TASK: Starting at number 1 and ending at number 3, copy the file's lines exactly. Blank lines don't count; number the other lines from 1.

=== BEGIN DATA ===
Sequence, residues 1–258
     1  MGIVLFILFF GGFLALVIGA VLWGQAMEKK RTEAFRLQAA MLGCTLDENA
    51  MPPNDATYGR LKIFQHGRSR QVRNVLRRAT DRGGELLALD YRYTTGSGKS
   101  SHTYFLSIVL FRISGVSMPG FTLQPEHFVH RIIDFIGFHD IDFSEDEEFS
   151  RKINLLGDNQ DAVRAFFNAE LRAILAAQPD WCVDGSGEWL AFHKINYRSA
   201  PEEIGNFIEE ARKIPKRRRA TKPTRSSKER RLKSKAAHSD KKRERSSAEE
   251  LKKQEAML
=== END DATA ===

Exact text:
Sequence, residues 1–258
     1  MGIVLFILFF GGFLALVIGA VLWGQAMEKK RTEAFRLQAA MLGCTLDENA
    51  MPPNDATYGR LKIFQHGRSR QVRNVLRRAT DRGGELLALD YRYTTGSGKS